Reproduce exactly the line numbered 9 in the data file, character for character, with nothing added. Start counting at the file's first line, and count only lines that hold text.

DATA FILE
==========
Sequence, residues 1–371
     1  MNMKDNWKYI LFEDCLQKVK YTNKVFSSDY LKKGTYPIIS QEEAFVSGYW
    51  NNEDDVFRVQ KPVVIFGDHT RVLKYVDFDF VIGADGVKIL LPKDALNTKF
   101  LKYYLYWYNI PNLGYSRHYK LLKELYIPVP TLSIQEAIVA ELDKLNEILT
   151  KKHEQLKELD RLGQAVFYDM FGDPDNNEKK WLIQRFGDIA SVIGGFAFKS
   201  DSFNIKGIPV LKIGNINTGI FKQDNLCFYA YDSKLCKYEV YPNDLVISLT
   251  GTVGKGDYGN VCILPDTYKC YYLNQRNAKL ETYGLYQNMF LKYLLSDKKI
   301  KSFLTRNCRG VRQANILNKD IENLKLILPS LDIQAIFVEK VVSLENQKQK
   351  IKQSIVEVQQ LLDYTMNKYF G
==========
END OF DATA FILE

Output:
   351  IKQSIVEVQQ LLDYTMNKYF G